UPDATE: Houston officials celebrate landslide SPLOST approval

WARNER ROBINS — A “thank you” sign sat behind the commissioners’ bench at the Houston County Annex Building, but it wasn’t for the officials who gathered there to watch poll results for a penny sales tax referendum.

“This is a ‘thank you’ for the voters,” said Houston County Chairman Tommy Stalnaker as Warner Robins Councilman Paul Shealy presented the black and white sign. “They are the real victors of this thing tonight.”

Houston County voters opted Tuesday to continue a six-year special purpose local option sales tax on a ballot that also included the Republican presidential primary.

Unofficial results showed the SPLOST received 10,029 ‘yes’ votes to 4,799 ‘no’ votes. More affirmative than negative votes were cast in every precinct.

“It speaks very loud that people would like to see those dollars used to enhance those areas,” listed as SPLOST projects, Stalnaker said.

Houston County commissioners estimate the continuation of the SPLOST would generate about $155 million that would be used for economic development, public safety, water and sewer improvements, transportation and recreation. The county sales tax will remain at 7 percent.

Officials from Houston County and its three cities gathered Tuesday evening at the Houston County Annex to watch results while enjoying jazz music and refreshments. By 9 p.m., with the results showing a clear victory, most officials had left.

“The real work starts tomorrow,” Stalnaker said. “But at least we’ve got work to do.”

With two previous SPLOSTs mainly dedicated to road projects, Stalnaker has said he and officials in Centerville, Perry and Warner Robins have purposely diversified the 2012 project list.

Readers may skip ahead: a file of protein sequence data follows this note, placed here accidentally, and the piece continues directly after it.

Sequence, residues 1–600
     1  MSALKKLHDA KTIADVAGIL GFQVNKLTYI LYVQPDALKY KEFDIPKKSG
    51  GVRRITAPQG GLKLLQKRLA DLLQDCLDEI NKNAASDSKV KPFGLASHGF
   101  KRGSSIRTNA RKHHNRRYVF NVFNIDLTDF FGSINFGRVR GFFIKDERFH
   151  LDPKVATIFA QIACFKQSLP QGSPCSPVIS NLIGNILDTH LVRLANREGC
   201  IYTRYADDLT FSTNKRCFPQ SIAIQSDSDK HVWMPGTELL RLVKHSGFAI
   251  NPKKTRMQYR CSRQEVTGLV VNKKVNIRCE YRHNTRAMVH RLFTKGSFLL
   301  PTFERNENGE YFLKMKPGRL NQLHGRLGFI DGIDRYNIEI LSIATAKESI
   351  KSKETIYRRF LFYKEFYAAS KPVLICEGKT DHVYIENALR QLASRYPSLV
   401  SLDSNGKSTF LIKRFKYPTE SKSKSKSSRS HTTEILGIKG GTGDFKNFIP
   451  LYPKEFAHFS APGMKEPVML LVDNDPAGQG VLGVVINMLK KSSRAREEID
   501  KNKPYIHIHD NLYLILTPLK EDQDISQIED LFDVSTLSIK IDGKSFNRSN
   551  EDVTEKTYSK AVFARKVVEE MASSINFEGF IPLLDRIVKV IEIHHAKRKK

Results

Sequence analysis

In public hearings last fall, officials from the county, Centerville, Perry and Warner Robins laid out their plans for the capital improvement funds expected from the 2012 SPLOST. The 2006 SPLOST ends in September; the now-approved 2012 SPLOST will begin in October.

Notable projects expected to impact residents throughout the county and its cities will be an $8.2 million upgrade to the county’s E911 communications system and a contribution of about $7 million to address encroachment north of Robins Air Force Base. Overall, about $60.3 million would be spent on countywide projects.

Stalnaker said the landslide approval of the SPLOST renewal showed, in part, residents are “ready to do away with that encroachment problem.”

Besides encroachment, he said he looks forward to the E911 Center upgrades and spending in the new SPLOST category, general capital obligations, which includes equipment and building updates that would typically weigh on the governments’ general funds.

Projects in Warner Robins include $4.7 million in renovations to City Hall and the Civic Center, an additional $4.5 million for the Law Enforcement Center currently under construction and $5 million for a recreation complex — a revision of an old plan for a sports complex. Overall, Warner Robins is expected to receive about $44.4 million.

Warner Robins Mayor Chuck Shaheen said Tuesday evening that from the city’s projects list, he’s most looking forward to the renovations to City Hall.

“We’ve always ... patched problems,” Shaheen said. “Now, we need to actually redo the roof, redo the ventilation system,” and other needed upgrades.

Centerville’s largest project is a $3 million Law Enforcement Center. Overall, Centerville is expected to receive about $5 million.

Centerville Mayor John Harley said insurance agents visited the current police department just two weeks ago and again questioned the safety of the hodgepodge building that has resulted from three additions.

“Now, we have something to tell them,” he said, smiling wide at the SPLOST voter numbers. “We really need that LEC done.”

Perry did not specify its projects, but the greatest portion — $4.1 million — is dedicated to the water and sewer system. Overall, Perry is expected to receive about $9.8 million.

Perry Mayor Jimmy Faircloth was unable to attend Tuesday’s poll results event, but Councilman Randall Walker said the mayor and councilmen are all pleased with the victory and the work done to get to the outcome.